I don’t know whether or not you remember the movie “Groundhog Day”, but I did get that déjà vu feeling Bill Murray experienced in Groundhog Day. As if caught in a time loop, I was reliving the same day. Unlike Bill Murray, I didn’t mind.
Once more, the seats in the lower deck were much comfier than the ridden-out ones in the upper deck. There were also more people upstairs, so I took a seat in the air-conditioned lower deck and enjoyed the decent proportion of privacy anew. Again, peeps had probably assumed it wasn’t worth climbing down the steep stairs and checking whether or not the room was air-conditioned.
The restrooms were the same ones I’d encountered on the previous day when I was traveling to Koh Lanta. There was a western toilet with a loo roll rather than a bum gun. Also on board was a small snack bar in the upper deck, and plenty of life jackets, still piled up behind the last row of seats in the lower deck.
The fire extinguisher I’d spotted yesterday was still there too. And close to the air conditioner that read “26 degrees” and felt like 19 degrees (Celsius), I instantly recognized the crack in the window the shape of a spider. Priceless! I really was on the very same boat.
At 08:08am, the engines were revving up, billowing black clouds of diesel exhaust that I couldn’t smell thank heavens.
As the ship was pulling out of the harbor, I looked at the casuarina forest that lined the deserted shoreline and daydreamed of lounging on a quiet beach like this one.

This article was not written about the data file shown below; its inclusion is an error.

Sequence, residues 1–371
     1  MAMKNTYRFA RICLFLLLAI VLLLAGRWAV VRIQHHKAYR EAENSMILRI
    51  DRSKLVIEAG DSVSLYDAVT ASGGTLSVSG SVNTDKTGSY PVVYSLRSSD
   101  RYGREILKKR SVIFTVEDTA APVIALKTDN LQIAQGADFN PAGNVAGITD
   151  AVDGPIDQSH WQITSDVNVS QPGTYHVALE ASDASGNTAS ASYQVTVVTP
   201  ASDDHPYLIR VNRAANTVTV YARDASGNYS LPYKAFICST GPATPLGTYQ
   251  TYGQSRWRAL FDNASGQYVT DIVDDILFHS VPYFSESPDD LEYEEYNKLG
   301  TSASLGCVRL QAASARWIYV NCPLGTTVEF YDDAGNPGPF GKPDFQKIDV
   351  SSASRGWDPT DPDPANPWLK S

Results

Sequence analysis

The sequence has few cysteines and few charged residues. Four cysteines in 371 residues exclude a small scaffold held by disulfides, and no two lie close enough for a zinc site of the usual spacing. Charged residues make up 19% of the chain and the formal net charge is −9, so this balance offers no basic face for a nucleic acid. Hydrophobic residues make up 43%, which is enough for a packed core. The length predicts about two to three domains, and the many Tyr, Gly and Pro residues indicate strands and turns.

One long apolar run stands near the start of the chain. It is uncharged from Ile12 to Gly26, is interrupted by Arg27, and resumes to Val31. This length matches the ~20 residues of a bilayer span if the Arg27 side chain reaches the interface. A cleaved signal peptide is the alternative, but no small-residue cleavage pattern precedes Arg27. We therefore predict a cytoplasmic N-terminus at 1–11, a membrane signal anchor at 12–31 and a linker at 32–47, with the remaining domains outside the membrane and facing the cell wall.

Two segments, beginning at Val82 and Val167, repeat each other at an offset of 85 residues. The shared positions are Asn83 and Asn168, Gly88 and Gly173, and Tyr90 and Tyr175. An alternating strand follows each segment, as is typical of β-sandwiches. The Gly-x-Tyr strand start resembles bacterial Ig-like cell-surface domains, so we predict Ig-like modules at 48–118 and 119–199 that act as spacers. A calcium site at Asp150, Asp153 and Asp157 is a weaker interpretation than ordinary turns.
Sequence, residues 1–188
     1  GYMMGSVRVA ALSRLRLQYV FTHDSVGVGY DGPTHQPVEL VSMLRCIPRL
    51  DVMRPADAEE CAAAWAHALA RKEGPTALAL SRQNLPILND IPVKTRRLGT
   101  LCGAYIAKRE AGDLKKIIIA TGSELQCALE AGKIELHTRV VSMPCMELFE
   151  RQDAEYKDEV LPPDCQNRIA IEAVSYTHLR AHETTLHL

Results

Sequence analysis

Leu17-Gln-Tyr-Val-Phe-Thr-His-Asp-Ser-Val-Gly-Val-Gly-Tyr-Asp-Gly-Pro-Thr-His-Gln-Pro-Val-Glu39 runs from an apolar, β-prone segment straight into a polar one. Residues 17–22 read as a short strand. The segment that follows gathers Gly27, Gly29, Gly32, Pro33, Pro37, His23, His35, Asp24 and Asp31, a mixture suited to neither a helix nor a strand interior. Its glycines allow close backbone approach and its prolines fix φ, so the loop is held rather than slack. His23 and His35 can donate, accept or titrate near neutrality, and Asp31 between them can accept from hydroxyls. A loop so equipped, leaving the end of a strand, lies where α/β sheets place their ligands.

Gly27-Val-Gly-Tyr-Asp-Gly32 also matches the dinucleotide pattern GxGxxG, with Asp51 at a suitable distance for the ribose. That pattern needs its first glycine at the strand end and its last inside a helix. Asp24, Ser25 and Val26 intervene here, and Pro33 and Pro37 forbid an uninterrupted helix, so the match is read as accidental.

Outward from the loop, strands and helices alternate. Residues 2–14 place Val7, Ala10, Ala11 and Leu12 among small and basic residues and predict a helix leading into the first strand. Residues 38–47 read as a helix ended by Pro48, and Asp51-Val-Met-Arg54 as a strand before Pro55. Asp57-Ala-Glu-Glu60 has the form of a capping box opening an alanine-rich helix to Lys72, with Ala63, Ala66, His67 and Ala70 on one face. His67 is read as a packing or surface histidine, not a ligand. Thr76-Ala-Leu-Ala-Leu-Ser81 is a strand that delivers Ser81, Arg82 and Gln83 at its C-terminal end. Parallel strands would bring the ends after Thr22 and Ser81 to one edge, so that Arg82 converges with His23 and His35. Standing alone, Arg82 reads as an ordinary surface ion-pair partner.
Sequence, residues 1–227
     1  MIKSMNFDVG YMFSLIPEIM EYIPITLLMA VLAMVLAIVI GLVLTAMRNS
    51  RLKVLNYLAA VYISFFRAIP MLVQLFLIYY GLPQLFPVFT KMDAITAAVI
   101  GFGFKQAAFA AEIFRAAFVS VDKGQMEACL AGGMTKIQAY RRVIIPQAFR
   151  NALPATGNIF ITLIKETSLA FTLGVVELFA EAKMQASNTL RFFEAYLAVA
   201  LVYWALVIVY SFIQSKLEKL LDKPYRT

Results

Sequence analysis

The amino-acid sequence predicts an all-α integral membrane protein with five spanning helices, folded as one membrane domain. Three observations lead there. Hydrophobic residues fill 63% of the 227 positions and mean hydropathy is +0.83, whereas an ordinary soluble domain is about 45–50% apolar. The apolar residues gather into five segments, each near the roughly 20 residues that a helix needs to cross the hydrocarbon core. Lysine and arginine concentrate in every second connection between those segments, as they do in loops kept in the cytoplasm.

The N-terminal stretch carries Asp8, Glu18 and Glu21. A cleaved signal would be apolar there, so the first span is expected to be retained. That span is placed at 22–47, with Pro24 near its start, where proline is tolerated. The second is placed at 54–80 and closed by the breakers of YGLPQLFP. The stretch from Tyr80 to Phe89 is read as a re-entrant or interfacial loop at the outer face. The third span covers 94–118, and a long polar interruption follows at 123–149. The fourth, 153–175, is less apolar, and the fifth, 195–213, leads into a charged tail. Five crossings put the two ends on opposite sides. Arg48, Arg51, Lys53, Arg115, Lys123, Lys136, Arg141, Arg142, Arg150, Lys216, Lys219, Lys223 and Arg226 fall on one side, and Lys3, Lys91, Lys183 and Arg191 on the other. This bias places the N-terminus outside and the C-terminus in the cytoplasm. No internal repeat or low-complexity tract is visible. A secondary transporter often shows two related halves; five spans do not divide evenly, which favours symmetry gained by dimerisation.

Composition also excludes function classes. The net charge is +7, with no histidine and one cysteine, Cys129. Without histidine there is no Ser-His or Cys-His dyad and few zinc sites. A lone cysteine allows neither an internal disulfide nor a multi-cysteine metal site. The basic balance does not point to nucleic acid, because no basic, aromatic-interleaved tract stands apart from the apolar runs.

Further out at sea, I enjoyed studying the mainland and some unknown islands on the horizon. The landscape I saw was mountainous, and millions of acres of casuarina forests were stretching away as far as the eyes could see.
Today, there were no salt sprays splashing against the windows, covering the view; the ride was smooth. So smooth in fact that the few families sitting in the lower deck had drifted off. They were resting in funny positions with their legs comfortably tucked between the seats in front of them or with their feet against the wall like a frog before it jumps.
It was fairly quiet, until all of a sudden, a Thai woman wearing a headscarf shouted at the top of her voice, “Phi Phi stay here; Phuket change the boat!”
It was 9:19am when the boat stopped some 300 meters from Koh Phi Phi’s pier to let those people heading for Phuket change the boat, and about 70-80% of the passengers left.
A couple of minutes later, that woman showed up again, looking in a military fashion at two travelers in their mid-twenties. Once she spotted the Phuket-sticker on their tees, she barked, “Phuket, please! Hurry up, hurry up!”
Once they had left, some Russian fathers enjoyed the near-empty deck and started to play soccer with a balloon. Laughing heartily, they were clearly having fun.
At 9:30am, the ferry headed for the pier in Koh Phi Phi. Why they didn’t let everyone get off the boat at Koh Phi Phi’s Ton Sai Bay first was beyond me. Changing the boat would certainly have been possible there too.
Before getting off the ferry, I took a few pictures of the amazing karst peak scenery. Passing the captain’s cabin, I caught the coconut scent of a tree-shaped air freshener people usually hang up in their cars. That pleasant smell coupled with the sight of the gigantic limestone rocks reminded me that life is just a sweet dream.